My great favourite is there - Brideshead Revisited. There are titles on the list I have not read but have been wanting to read, I am going to try them SOON; provided they are not SF, which I detest.
A. Guide-Pieters, Belgium
It would be interesting to find out the number of books that are read by voters say per month - it rather surprises me that so many classics are so near the top of the list considering the wealth of good writing that has come about since these were written.
The whole list has been undermined due to glaring omissions, notably - Jeffery Archer and Alan Titchmarsh.
Richard White, London, UK
Why is Bridget Jones's Diary on the list and not one book by Graham Greene, every single one of which are vastly superior to that banal tripe?
Matthew Wentworth, UK
Ulysses? It's one of the landmark pieces of literature, but I seriously doubt whether enough people have actually read it to make the top 100. Heaven knows, I've tried four times and still can't get past page 50!
If Ulysses makes the top ten, it will say more about voters' honesty than their intelligence.
Jamie Dyer, UK
Isn't it a little strange that some of the greatest wordsmiths in the English language came to English as a second language?
Andy J. Page, UK
Why do so many people still think that Potter and Pratchett are a good read? I was shocked at how truly awful they were. Potter cannot even begin to compare to Alan Garner or CS Lewis for originality and integrity. But I guess those sad London commuters who discover and read Tolkien only as a film tie-in will continue to purchase such trash. This country makes me weep!
Why do so many people think that Potter and Pratchett are a good read?
Janacek - why are you so critical of people who only read Tolkien after seeing the films of Lord of the Rings? Why does it matter what inspired them to read the books? Surely the important thing is that they were inspired - if they aren't put off by sneering comments such as yours.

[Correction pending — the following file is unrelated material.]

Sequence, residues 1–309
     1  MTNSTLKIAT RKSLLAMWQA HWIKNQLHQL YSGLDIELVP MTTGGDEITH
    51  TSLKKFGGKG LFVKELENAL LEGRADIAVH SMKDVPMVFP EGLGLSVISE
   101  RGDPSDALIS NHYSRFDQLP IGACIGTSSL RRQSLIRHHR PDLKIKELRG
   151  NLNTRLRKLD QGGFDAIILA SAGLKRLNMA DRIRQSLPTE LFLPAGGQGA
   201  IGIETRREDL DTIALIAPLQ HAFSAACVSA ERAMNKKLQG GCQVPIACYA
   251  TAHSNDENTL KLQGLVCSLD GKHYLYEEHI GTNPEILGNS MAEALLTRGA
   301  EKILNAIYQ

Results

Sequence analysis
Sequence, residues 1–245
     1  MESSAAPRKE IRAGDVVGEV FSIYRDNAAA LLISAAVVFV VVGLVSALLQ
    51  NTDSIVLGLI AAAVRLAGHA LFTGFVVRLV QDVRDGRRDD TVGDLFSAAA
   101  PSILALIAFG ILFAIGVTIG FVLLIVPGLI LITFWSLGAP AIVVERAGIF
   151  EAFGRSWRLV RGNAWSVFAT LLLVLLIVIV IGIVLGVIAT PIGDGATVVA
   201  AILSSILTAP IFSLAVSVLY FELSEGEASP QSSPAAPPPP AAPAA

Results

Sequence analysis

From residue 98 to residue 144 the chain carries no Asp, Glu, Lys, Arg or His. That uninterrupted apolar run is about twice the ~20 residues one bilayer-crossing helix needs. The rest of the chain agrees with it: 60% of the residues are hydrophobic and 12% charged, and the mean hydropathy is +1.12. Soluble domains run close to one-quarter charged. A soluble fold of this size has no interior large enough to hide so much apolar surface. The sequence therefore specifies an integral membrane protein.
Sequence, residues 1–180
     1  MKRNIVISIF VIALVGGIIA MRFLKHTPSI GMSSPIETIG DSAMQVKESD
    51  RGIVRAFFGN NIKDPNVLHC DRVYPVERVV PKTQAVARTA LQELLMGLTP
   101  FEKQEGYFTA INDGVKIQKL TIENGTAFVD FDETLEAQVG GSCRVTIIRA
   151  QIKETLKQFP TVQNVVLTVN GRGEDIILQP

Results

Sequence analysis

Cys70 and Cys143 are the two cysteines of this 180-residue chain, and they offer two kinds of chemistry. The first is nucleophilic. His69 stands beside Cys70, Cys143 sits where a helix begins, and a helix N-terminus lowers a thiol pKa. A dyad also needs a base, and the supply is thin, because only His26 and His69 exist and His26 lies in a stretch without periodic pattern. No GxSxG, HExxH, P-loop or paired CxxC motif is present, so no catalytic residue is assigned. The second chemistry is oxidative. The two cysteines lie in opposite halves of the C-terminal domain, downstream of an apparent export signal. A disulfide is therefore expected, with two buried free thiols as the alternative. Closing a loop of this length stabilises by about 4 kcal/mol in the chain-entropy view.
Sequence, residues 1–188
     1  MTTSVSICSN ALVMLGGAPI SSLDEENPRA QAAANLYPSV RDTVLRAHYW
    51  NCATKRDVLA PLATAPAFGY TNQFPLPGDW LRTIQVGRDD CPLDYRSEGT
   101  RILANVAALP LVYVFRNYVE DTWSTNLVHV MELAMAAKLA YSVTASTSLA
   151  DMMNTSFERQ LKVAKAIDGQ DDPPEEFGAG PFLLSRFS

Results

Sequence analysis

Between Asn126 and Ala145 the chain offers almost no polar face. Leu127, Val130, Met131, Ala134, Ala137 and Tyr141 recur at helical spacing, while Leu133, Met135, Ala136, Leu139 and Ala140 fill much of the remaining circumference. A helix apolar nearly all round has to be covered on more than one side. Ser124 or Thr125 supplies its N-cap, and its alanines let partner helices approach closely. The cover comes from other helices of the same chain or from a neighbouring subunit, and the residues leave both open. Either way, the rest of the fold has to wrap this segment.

Come on... clearly some of these are in the list because they were made movies, not because of their literary merit! No poetry? No Shakespeare? No Thomas Man? Graham Greene? Eco? Books by Nobel laureates? The Clan of the Cave Bear? Please... ridiculous. You're just playing the publicity game.
Lida, USA comments "No... books by Nobel laureates?"
What about Gabriel Garcia Marquez (1982), William Golding (1983)?
Some people seem to be rather exercised about what people should be reading; the list is a reflection of what people actually read, and of people who are interested enough to express an opinion.
The 'you should read this, you're reading trash' attitude is what puts people off reading.
Does no one remember Arthur Ransome? Swallows and Amazons? Coot Club? We Didn't Mean to go to Sea? I read the whole series as a youngster and
I'd like to think that adventure never goes out of style, but maybe 30-odd years later, they've lost some appeal, not being written with the same fairytale-sugar coating of the H. Potter series.
I'm so glad that the most life affirming book that I've ever read made the list Paolo Coelho's The Alchemist is the story to read for the stress-ridden population of this island - it's taught me more than my first year at uni...
The most life affirming book that I've ever read made the list
Can somebody explain to me why The Hound of the Baskervilles is not in the top 100? In fact, there is a distinct lack of detective fiction which I find hard to agree with. This list seems to have been chosen mostly by children and grannies. However, I was pleased to see Pratchett featured several times, Soul Music would be in my top 100.
I thought the programme should come on more often as it encourages more people to read and shows what books others have enjoyed. I am very pleased that Noughts and Crosses, Malorie Blackman was in there as it is brilliant.
Aisha, 11 years, England